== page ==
I stood in the road feeling stripped of my limbs, adrift in a world without direction or a way to grasp its reality. Death had visited my house. No one mentioned the Tuareg family or the dead woman—not my Hausa neighbor Issa who ran a roadside coffee and tea table, not my students, nor my colleagues. A day after the family left I mentioned them to Issa, assuming he knew. They’d camped yards from his table. I was sitting on a bench drinking tea near the fire where Issa boiled water. He pretended not to hear me as he prepared instant coffee for a man sharing the bench. The man taught math at the school. Later, he took me aside. He said, “We don’t talk about the dead.”
I needed to tell someone I might have saved that woman’s life. I’m certain the family had no medicine and that the village dispensary had malaria pills. I know I did. Even to this day I have not been able to get the fact of my treachery out of my mind. I still see that camel and the body strapped to its hump, the family walking alongside, wind whipping their long tunics. I think of her every time I meet a foreign citizen in my own country—immigrant or traveler, it doesn’t matter. I try to listen. I try to help. She lives inside me like a benevolent curse.
It was months after her death when I took my bus journey to the Mali border, but the old Tuareg woman was still on my mind, her face covered in the dirty cloth. It was as if she was whispering to me about the terrible burdens carried by every passenger around me, not letting me for a moment forget about drought and lost animals, babies born dead to women too weak to carry them to term, about men who walked alone into dust storms to die when they couldn’t feed their children.
I’d been hoping for adventure in finding my way to remote Timbuktu, hoping to get a glimpse of history, of Muslim West Africa’s holiest city, said to be protected by a warrior spirit on a white steed. It’s embarrassing to think of now, but I had seen myself as an explorer. My fantasy derived from a reading irreverent adventure narratives like H. Rider Haggard’s novel King Solomon’s Mines and Bruce Chatwin’s literary travel classic, What Am I Doing Here. My fantasies vanished in Niger and Mali, where I found a reality defined by conflict, heat, disease, starvation, and a ghost I hadn’t anticipated. I thought about that woman when I watched the old Tuareg man bid the policeman goodbye and head into the desert, his bag in hand. I wondered if he felt dread or fear or if life had numbed him to such things. He stepped briskly, sandals slapping his heels. I sat on the ground against my pack, knees against my chest, wondering why a man who lived in the desert would bother with the checkpoint. He could have gotten off the bus not far back and walked home, simple as that. I worried what the policeman would say to me when my turn came, trying to enter his country in a remote place on land so big I could not tell east from west. I wondered whose country was it really, in a place where so many ethnic groups lived. Could anyone really claim this land for their own?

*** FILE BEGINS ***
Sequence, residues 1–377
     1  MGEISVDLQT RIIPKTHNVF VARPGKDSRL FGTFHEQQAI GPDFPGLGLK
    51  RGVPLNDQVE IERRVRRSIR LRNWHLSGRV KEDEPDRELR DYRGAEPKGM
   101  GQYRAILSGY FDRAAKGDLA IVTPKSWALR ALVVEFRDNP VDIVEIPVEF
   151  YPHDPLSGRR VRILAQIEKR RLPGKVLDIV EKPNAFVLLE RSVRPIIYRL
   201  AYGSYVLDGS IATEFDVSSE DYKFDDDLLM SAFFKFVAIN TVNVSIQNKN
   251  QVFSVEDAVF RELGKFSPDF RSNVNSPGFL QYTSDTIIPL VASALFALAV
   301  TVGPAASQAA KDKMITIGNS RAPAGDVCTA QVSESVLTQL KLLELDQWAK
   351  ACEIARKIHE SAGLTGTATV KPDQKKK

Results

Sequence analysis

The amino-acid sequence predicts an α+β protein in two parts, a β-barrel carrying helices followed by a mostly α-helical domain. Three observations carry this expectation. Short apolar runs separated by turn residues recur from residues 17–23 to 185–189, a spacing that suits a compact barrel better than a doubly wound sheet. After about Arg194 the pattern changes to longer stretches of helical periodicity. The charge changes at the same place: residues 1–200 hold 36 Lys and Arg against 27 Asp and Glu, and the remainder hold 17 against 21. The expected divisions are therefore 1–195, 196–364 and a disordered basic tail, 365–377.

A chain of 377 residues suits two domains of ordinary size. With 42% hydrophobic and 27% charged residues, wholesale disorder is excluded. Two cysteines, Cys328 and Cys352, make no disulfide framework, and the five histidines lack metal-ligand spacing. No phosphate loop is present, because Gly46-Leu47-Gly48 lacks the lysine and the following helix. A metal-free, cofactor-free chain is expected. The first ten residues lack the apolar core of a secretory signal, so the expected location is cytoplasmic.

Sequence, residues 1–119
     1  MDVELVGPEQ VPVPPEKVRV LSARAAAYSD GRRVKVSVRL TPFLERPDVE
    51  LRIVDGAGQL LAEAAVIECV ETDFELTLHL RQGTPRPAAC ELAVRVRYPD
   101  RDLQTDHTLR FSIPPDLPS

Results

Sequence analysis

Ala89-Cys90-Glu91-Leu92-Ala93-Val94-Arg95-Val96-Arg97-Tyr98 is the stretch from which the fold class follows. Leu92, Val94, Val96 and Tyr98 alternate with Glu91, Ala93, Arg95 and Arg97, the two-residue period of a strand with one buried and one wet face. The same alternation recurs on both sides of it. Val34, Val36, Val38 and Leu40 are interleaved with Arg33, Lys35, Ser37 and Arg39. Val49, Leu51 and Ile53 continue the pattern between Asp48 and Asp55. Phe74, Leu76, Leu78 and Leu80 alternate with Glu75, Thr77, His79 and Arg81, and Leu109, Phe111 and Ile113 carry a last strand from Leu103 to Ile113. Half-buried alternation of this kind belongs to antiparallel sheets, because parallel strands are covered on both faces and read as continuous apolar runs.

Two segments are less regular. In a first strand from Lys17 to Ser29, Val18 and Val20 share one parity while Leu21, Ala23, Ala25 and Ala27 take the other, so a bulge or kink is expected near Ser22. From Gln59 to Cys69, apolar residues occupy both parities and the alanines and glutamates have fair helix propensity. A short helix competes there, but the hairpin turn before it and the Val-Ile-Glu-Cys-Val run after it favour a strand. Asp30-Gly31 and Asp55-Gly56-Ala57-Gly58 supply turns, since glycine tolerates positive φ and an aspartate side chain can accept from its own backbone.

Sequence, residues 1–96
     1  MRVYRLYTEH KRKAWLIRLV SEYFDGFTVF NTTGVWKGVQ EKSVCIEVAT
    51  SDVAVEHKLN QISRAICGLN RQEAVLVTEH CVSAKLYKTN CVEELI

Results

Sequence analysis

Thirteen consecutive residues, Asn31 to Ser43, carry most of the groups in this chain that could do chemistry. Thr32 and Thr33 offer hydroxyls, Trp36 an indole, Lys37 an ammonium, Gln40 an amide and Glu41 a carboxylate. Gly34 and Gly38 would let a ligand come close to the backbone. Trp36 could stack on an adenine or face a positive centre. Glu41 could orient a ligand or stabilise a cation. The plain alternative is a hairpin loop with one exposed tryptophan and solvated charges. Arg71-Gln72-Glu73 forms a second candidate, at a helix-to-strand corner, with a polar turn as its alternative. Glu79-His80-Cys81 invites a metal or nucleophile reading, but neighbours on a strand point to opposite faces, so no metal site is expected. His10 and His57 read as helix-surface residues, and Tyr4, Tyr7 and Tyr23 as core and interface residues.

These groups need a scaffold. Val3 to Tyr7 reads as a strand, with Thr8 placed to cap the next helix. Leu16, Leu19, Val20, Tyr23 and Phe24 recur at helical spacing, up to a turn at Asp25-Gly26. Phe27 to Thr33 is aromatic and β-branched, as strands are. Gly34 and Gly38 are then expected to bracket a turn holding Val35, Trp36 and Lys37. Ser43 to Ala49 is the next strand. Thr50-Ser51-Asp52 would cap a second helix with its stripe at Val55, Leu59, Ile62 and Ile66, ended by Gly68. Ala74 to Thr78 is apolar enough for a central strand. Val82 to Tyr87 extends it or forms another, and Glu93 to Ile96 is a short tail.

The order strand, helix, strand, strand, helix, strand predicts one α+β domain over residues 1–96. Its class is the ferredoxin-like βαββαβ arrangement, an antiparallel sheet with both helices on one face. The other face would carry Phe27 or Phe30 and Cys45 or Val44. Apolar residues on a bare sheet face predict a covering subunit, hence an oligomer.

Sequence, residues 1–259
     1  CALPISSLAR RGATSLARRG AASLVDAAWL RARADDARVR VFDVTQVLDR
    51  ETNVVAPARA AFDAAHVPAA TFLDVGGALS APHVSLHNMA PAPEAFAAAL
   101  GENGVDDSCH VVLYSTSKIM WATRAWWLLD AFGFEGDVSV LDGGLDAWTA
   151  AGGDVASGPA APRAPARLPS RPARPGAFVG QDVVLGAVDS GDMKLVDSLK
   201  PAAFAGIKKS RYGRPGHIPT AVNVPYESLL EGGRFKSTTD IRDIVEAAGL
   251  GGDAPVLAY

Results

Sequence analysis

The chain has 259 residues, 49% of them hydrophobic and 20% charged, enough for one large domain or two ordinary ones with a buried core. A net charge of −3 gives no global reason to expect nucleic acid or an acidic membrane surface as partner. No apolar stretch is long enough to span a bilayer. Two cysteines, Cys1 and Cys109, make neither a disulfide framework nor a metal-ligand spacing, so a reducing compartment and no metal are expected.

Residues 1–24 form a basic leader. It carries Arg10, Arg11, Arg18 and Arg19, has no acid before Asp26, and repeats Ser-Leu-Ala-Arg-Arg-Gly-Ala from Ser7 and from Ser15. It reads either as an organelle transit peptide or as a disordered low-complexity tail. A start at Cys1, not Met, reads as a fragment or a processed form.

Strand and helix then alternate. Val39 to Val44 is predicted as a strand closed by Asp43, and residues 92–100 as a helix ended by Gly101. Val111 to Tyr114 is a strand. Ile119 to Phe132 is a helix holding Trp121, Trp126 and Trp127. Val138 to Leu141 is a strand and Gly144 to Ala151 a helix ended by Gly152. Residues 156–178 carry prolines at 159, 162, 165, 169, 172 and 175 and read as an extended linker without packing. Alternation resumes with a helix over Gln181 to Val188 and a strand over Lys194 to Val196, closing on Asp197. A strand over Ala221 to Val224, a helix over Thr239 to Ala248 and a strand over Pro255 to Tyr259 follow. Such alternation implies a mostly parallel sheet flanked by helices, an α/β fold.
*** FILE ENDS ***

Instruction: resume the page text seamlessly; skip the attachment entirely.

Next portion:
I asked this question nearly three decades later, in June 2014, the third year of Mali’s simmering civil war. I was on a magazine assignment, visiting a refugee camp in Burkina Faso that had taken thirty thousand war refugees, mostly Tuareg and Arab. There, I met Ansari Mohamed, a Tuareg rebel. He’d fled with his family after the Tuaregs fell out with their jihadist allies in 2012, derailing their bid for Azawad. He was thin, thirty-seven, with short, black hair and an unblinking gaze. When war broke out he was studying sociology at the University of Mali. He was a member of the political arm of the rebel group, the National Movement for the Liberation of Azawad. He left school to fight.
He greeted me at his home, a white tent displaying the blue United Nations globe. Ansari looked more brooding artist than rebel fighter. He wore brown trousers and a white T-shirt. An olive green turban hung loose around his neck and shoulders. We spoke in French over sweet green tea he brewed on a wire charcoal stove on the ground.
“Our country has great cultural importance for us,” he said. “You have to know three things about the Tuareg.” He pinched the turban around his neck. “First, our turban expresses our dignity, our courage, and our resistance to harsh climate. Second, the camel symbolizes our nomad ways, our wealth, and pastoral life.” He paused to let my note-taking catch up. “Third, the desert expresses our liberty and insistence on living without borders. All that holds the idea of an independent Tuareg state. We will never give up.”
I told Ansari about the Mali border post in 1986 and the old Tuareg man, about the policeman and “Nous sommes tous Africains.” He listened, brow furrowed, and cut me off with a wave of his hand. “Yes, we are all Africans, okay, whatever,” he said. “It’s a generalization I don’t respect. In the Americas you are all Americans, but you have separate countries, no? Europeans have their countries. And yet here the government treats us like strangers in our own land. So we reject Mali. Yes, we are Africans, but the point is that we are not Malians. We are Tuareg.”
His words stung. I felt implicated. Again, I felt the need to confess to him, to somebody, about the old Tuareg woman in Bouza whose death I hastened by withholding malaria drugs that I, a foreigner, could get easily. In the refugee camp, every woman who walked by looked like her: heads and bodies wrapped in pastel cloth, faces concealed against the wind and dust. But I remembered the math teacher’s quiet warning, “We don’t speak about the dead,” and I didn’t want to admit to Ansari my participation in the crime of that old woman’s death and my miniscule role in feeding his rebellion. I didn’t want to face his reaction. I was culpable and a little surprised by how strong the memory of that woman remained in my mind so many years later. I wondered if her two sons had taken up arms in the civil war. Would they remember the young American who wouldn’t get them the drugs they needed?